Another interesting idea on the Web, spelled out a little differently from what we seem to have been thinking, is available at The Living Textbook, D. Ebner . - this describes a proposal for the future of scientific publishing that eliminates the "journal" paradigm in favor of a network-based "textbook" constantly updated, with every new section specifically explaining what other sections it is dependent on, so that a reader may know immediately what background material is required, and be able to obtain it as well. I'd be interested to hear opinions on the practicality of this idea...
What of the idea of "dissolving" the concept of a paper? Papers seem to have been decreasing in length generally in recent years (at least there is a perception of trends towards the "least publishable unit") and paper-counting is a very arbitrary mode of giving credit that it would be nice to supersede with something better. But I think figuring out what that "something better" is requires stepping back and analyzing more carefully exactly what it is we scientists are up to. Some recent advances in the philosophy of science may give us some direction here... (The rest of the note you find in label dated: Thu, 6 Oct 94 16:17:12 -0700, to: email@example.com, subject: The Living Textbook, etc.)
Mark E. Williams raised the question of security, which nobody seems to have responded to. He asked:
If you're worried about the e-print archives themselves getting corrupted (and we should be - so far 1. the data hasn't been important enough (?) and 2. we've been lucky?) - the same measures (back up, write-once devices) can and should be used.
But there are other problems - suppose somebody without proper authorization tries to replace something in the e-print archive by pretending (through e-mail forgery or password snatching) they are the original author? How do you, generally, identify a given person as the physicist they claim to be rather than some imposter? Methods (such as public key/private key encryption systems) are available to reduce the possibilities for this, and we should investigate them and promote their use by scientists.
In summary, security methods are available, but they aren't necessarily trivial to implement.
In reply to Arthur Smith's note on the subject of 'Living manuscripts and Text books etc:
For me also in the past ages authors have exploited all possible ways to express their thougths: for different subjects and different authors thu s different ways of putting it down and distributing have been used (books, articles, Leporello, journals, posters, ..). Thus with the world wide web's communication possibilities all ways technically to think of will be exploited by someone once discovered. Only after it has been tried can we esteem the value for scientific information and communication. I think we have not to wait for philosophy colleagues but to try ourselves for material of our own science, keeping in mind that it will be suitable for some material and authors but not for all, and thus will be an addition.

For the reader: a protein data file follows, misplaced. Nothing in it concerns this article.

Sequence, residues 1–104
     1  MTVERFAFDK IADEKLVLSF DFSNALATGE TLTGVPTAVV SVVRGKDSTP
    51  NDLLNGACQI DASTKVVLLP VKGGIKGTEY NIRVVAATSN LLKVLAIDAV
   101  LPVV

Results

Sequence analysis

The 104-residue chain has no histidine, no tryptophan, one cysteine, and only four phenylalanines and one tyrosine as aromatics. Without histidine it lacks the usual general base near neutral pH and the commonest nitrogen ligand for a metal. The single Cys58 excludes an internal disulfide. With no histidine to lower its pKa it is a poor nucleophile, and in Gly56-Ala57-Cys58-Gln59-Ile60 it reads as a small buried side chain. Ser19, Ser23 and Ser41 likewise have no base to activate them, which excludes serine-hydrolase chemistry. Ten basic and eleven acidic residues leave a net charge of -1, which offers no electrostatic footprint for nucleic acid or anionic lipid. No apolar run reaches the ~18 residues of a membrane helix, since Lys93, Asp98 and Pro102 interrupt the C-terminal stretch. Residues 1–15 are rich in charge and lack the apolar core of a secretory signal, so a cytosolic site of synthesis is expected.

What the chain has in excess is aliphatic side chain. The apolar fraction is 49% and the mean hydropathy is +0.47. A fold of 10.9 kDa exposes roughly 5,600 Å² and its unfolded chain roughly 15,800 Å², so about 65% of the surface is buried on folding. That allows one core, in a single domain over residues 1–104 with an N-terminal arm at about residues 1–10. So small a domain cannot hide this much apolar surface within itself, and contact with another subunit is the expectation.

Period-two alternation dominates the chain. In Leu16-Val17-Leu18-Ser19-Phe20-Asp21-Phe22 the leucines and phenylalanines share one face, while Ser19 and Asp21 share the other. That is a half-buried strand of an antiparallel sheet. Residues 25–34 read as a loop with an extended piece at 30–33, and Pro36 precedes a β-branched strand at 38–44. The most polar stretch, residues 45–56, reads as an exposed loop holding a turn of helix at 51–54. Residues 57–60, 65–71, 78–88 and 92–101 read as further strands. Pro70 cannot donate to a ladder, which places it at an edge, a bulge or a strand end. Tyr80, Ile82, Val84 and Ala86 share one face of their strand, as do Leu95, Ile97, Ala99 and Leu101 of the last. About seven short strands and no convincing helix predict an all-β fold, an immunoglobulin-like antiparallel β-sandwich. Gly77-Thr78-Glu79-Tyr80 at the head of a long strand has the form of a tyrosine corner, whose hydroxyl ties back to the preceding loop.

Technically this means: each of us who talks about, should pick a topic and write a 'living manuscript' himself to gain his own experience and then let us share the experience. Ours is somewhat the collection of talks. Basically 'living manuscript' means to update chapters, keep the history, install slowly a hierarchy of levels of sophistication, add links and hyper-links as they become known, The advantages are that one can offer different readers a different path through the relevant to him parts of the text, and to separate totally the refereeing process.
The refereeing would come about on demand of the author, or a ('hiring') committee, or the reader, whoever has this demand and ability to get it refereed. In this case: the manuscript has been apparently screened by the ep-archive in September 1994 and accepted for posting on the server, but later versions migth be better from the author's side, but the referee status is non-permanent and expires, thus would have been renewed on demand.
Clearly, we all can easily think of scientific results not suited for this medium, such as results with a recognized priority, and an accepted refereeing processm not to be changed (integrity of the result) by anyone, but others could fit well, such as reports on the status of the construction of an experimental setup, the present status of simulation programmes, etc.
Yours, Ebs Hilf